A Kindness of Strangers
A gale of dust swept into the forbidding landing bay.
“Shit,” said Chandriss, wiping his face one-handed.
Victoria laid her head against his shoulder.
He put an accommodating arm around her.
“Have they forgotten we’re here?”
“Maybe,” he said. “We should stay put.”
Over and over, the thundering roar of takeoffs swelled and then became a fading whine.
“What was he?”
“It was a clone,” said Chandriss. “They never raise just one. They like spares.”
“But why did they send one?”
“I don't know.” Chandriss resettled himself. “They didn’t waste any troops on the venture.”
“Where is Aryn?” whispered Victoria.
“The very question. Not here. Far enough away that someone hoped make a minor annoyance vanish before Beltar's heir got back.”
“Why?” she said.
“Don't talk. It's better we not be noticed.”
Victoria leaned against him. He appeared asleep and was probably thinking. She wished she could sleep, but the roar of port traffic kept her alert even if she closed her eyes.
The chamber emptied out. The cumulative effect of the bustle was outward, as if the whole elaborate encampment was being emptied while pretending nothing out of ordinary was going on.
It was the flicker of motion that caught her eye. At frst she thought it was a man-bird hybrid. On a closer look, it was the head, arms, and torso of a man, mounted in a carriage with two bird-like mechanical legs.
He came and went, seen by everyone and noticed by no one. Victoria tried not to stare. He was the first person she had seen here who was not just something less than handsome but actually imperfect.
But that was not the oddest thing about him.
His activity was puzzling. Although he sometimes moved slowly as if the cart he pulled was heavy, the way it bounced on rough floor said it was empty.
And he was adept at evading notice, bustling here and there, in and out, establishing his right to be anywhere in the visible area and, she surmised, outside, too.
The vast space emptied out until there was only Chandriss, herself, and the flitting man, a demi-centaur with his mechanical legs and cart.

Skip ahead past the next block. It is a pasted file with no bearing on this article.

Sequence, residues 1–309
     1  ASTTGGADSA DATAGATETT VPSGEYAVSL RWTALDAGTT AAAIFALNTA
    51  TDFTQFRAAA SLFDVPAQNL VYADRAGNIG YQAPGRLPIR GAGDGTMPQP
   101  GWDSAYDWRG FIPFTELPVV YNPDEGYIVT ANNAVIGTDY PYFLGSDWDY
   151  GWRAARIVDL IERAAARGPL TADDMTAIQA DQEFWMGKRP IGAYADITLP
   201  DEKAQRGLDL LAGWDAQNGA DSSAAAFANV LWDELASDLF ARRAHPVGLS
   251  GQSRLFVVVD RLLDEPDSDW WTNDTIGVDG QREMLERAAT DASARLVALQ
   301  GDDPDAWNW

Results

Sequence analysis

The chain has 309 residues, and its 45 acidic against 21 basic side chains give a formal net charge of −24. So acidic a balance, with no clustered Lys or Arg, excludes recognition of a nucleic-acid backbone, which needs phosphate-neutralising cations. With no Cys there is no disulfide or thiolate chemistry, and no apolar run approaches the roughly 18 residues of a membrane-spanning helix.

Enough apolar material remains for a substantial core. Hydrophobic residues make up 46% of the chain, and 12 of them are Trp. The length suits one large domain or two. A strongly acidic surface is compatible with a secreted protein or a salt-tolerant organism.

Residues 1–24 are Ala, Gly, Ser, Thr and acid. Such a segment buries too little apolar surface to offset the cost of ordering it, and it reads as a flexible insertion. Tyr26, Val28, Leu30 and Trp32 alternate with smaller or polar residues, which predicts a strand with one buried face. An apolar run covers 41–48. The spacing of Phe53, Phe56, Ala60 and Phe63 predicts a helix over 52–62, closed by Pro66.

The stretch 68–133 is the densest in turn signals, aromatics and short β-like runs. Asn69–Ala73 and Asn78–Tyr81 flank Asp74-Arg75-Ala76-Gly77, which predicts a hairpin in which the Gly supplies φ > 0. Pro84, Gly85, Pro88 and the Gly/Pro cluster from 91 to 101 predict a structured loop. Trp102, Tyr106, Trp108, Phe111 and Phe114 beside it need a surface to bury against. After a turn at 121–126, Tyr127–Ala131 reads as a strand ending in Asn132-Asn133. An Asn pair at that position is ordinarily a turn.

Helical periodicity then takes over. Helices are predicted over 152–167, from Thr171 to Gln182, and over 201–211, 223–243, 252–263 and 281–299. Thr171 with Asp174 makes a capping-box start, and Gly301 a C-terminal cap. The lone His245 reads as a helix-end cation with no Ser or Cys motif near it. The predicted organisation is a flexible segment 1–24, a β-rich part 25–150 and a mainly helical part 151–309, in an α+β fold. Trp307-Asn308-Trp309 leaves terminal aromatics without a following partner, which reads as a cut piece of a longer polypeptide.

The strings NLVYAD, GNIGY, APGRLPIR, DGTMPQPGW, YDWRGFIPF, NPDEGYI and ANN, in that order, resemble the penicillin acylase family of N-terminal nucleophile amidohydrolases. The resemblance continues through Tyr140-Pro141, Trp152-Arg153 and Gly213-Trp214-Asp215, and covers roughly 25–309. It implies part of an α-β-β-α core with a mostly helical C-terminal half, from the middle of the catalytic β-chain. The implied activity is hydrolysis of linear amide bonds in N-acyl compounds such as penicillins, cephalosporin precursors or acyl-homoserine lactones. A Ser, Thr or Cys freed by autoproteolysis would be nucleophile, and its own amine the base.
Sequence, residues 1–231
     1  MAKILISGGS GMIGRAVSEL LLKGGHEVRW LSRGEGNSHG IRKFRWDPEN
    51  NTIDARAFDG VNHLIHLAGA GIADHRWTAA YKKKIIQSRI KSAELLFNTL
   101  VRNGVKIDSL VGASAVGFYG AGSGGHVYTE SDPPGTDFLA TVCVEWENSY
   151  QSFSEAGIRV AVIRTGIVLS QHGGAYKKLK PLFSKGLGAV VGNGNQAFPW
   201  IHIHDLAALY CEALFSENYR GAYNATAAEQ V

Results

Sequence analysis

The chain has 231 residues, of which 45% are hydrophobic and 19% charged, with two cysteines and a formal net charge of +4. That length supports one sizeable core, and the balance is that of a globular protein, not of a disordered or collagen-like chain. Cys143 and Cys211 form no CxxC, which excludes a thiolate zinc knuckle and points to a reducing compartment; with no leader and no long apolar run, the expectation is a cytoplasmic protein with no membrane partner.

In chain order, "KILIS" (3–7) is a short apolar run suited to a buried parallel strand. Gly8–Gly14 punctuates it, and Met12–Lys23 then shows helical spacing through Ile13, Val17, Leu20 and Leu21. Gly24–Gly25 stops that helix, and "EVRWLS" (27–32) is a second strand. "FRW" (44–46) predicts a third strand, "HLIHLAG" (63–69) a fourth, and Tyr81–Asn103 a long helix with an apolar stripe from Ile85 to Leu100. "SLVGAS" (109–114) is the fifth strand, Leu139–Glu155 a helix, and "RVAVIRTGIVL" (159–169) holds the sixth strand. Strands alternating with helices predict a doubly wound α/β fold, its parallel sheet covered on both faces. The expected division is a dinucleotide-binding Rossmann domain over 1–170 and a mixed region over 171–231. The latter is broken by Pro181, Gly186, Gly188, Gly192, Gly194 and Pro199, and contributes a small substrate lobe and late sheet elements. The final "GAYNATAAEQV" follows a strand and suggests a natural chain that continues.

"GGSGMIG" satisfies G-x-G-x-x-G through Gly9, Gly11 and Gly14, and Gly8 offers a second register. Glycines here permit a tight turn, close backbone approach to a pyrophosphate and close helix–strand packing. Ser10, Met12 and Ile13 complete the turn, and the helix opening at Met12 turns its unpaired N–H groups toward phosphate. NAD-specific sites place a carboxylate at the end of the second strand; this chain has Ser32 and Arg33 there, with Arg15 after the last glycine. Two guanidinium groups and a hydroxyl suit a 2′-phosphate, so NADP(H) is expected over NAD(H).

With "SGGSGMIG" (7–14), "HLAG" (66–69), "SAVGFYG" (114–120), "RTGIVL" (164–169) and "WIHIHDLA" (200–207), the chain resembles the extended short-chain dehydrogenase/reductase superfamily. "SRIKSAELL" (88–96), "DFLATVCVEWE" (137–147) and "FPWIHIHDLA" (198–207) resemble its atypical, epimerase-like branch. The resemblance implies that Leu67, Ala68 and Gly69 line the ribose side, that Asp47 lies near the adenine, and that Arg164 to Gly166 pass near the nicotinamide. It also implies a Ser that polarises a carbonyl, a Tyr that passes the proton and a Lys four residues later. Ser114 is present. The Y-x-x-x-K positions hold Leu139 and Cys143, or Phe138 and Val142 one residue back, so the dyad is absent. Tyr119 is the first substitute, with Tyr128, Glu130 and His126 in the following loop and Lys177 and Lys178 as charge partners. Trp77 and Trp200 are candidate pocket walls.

Victoria tried not to look at him, not wanting his attention, or for him to guess she was uncomfortable with his modification.
A functionary came into the room, looked about, apparently not seeing them. Then he did and stared.
Victoria shriveled inside. They were travel-worn. The stranger was in the heavy robe and tailored undergarment of a gentleman. Not the kind Chandriss was, but the costume of someone who had striven to become what he was. She nudged her companion.
“I see him,” Chandriss said, looked and made a small, dissatisfied sound. “Let me handle this.” He got to his feet, and not as a courtesy.
“Capin,” said the man. “Traitor even to his own kind.” He made a spitting sound.
Chandriss made a small motion.
The functionary stepped back fast.
“The prince-heir will be expecting us.”
“Oh, I doubt he even knows you exist. Rumor says he’s at Farnet-a, arguing with the ice people, or whatever they have sent to represent them.”
“So you just happened by,” said Chandriss, drily.
“I'm glad to see you again, renew our acquaintance. I have fond memories of our last encounter.”
“I’m,” pause, “glad you have not forgotten it.”
“Are you? Are you?”
Chandriss showed his teeth in something that wasn’t a smile.
Victoria sat very still.
“I could just leave you here.”
“That would be excellent.”
The man stared, blinked, then turned around and walked away.
“Chandriss?” said Victoria. “What just happened?”
Copyright 2016 Catherine Mintz. All rights reserved.